The audit report submitted by Anssi on the management by Orange of the failure of June 2, 2021 emergency numbers hit the incumbent operator. Hazardous orders on equipment, slowness in reporting information, and finally a lack of technical advice are singled out. The government has decided to seize Arcep and will organize a crisis exercise every 6 months on emergency calls.
Stephane Richard, CEO of Orange, will have to learn the lessons of the Anssi report pointing to internal dysfunctions in the management of the crisis on emergency calls. (Photo credit: DR)
It was expected to inform the management of the failure of emergency numbers on June 2, 2021 by Orange. The Anssi report commissioned by the government after this dysfunction has just been returned and tackles the incumbent operator. As a preamble, the report recalls the chronology of events. The incident began at 4:45 p.m. on June 2 when the Samu and other emergency services noted a sharp drop in the number of calls. The alert was given and two hours later an interministerial cell was set up to find alternative solutions. At the same time, Orange is also its cell of crisis "slowly", slips Antoine Berthier, sector coordinator on telecommunications at Anssi in charge of the report.
Hazardous orders on call servers
It recalls the technical aspect of emergency calls where there is a cohabitation between the PSTN technology (switched telecom network) used by the emergency services and those which pass via the mobile network or the boxes relying on the IP network. To make the link between the two worlds, the operator Orange has specific equipment called call server, 6 in this case provided by Italtel. It was through them that the incident happened. The report rules out a cyberattack from the start and focuses on 3 factors: “risky orders, in a limited time and a pre-existing bug in the equipment”.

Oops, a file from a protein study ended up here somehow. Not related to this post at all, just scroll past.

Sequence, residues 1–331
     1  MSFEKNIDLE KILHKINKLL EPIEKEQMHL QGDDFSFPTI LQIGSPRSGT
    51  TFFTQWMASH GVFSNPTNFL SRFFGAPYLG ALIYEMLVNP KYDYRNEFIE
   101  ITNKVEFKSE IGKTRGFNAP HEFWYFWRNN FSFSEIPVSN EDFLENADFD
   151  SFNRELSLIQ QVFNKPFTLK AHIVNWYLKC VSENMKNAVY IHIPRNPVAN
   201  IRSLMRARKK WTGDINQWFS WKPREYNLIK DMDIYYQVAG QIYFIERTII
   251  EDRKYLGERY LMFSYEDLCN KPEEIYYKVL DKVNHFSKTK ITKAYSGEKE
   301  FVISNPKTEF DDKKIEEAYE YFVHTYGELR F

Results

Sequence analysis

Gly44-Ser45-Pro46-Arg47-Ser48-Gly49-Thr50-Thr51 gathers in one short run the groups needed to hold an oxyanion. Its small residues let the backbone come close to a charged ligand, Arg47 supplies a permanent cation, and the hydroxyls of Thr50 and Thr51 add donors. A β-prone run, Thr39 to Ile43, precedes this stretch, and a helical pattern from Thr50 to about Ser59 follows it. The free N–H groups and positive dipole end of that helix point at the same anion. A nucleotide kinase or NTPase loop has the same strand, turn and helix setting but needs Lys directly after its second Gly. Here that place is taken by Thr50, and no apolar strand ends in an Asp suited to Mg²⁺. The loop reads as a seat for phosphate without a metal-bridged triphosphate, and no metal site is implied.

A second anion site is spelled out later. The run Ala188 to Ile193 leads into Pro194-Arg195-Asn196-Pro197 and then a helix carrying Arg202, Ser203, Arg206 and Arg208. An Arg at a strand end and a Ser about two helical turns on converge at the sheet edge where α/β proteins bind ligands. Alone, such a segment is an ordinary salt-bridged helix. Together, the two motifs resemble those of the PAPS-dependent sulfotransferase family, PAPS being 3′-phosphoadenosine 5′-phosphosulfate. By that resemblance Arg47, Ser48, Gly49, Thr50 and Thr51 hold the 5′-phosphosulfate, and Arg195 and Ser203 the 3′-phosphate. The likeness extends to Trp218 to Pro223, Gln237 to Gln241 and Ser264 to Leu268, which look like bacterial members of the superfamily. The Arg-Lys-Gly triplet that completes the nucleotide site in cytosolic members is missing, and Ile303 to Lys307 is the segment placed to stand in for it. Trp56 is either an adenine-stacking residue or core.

On the first point, AntoineBerthier speaks of "a routine procedure passed in an unusual order, these commands then triggered a bug in the call servers". He adds that this software error made "memory full and restart the equipment in a loop." On the tight time point, “Orders were placed on all 6 servers at the same time. The good practice is to start testing a command on a call server and to see if it happens or if it triggers the bug, ”tackles the reporter. In its internal audit, operator n 'mentioned that the software bug to explain the failure .
Referral to Arcep and crisis exercise every 6 months
If Orange's fault is established, the government wants to draw the consequences. Cedric O, secretary of state in charge of digital, has decided to contact Arcep by the end of July to find out whether the incumbent hasmet its emergency number obligations. This referral could result in a sanction from Orange at the end of the procedure. To strengthen these obligations, which affect all operators, the executive will change the regulatory and legislative framework, particularly on alert times and details of the outage. Here again, the report points to Orange's shortcomings in reporting information and the lack of technical advice to resolve the failure during the crisis.
Finally, the implementation of a crisis exercise every 6 months on emergency calls to prevent such an incident from happening again. Asked about a possible replacement of the current call servers, the government believes that it is hardly appropriate to change, arguing that there are few providers on this PSTN technology. It remains to be seen whether the families of victims in connection with this blackout will turn against Orange. The executive mentions 6 poten peopletally impacted by this dysfunction.